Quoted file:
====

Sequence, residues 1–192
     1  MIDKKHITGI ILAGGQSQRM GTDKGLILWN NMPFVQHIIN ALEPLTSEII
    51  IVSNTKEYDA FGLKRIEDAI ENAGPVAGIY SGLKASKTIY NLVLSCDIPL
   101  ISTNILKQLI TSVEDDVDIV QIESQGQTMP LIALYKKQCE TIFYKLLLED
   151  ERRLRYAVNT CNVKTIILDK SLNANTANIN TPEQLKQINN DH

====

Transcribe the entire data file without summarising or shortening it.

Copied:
Sequence, residues 1–192
     1  MIDKKHITGI ILAGGQSQRM GTDKGLILWN NMPFVQHIIN ALEPLTSEII
    51  IVSNTKEYDA FGLKRIEDAI ENAGPVAGIY SGLKASKTIY NLVLSCDIPL
   101  ISTNILKQLI TSVEDDVDIV QIESQGQTMP LIALYKKQCE TIFYKLLLED
   151  ERRLRYAVNT CNVKTIILDK SLNANTANIN TPEQLKQINN DH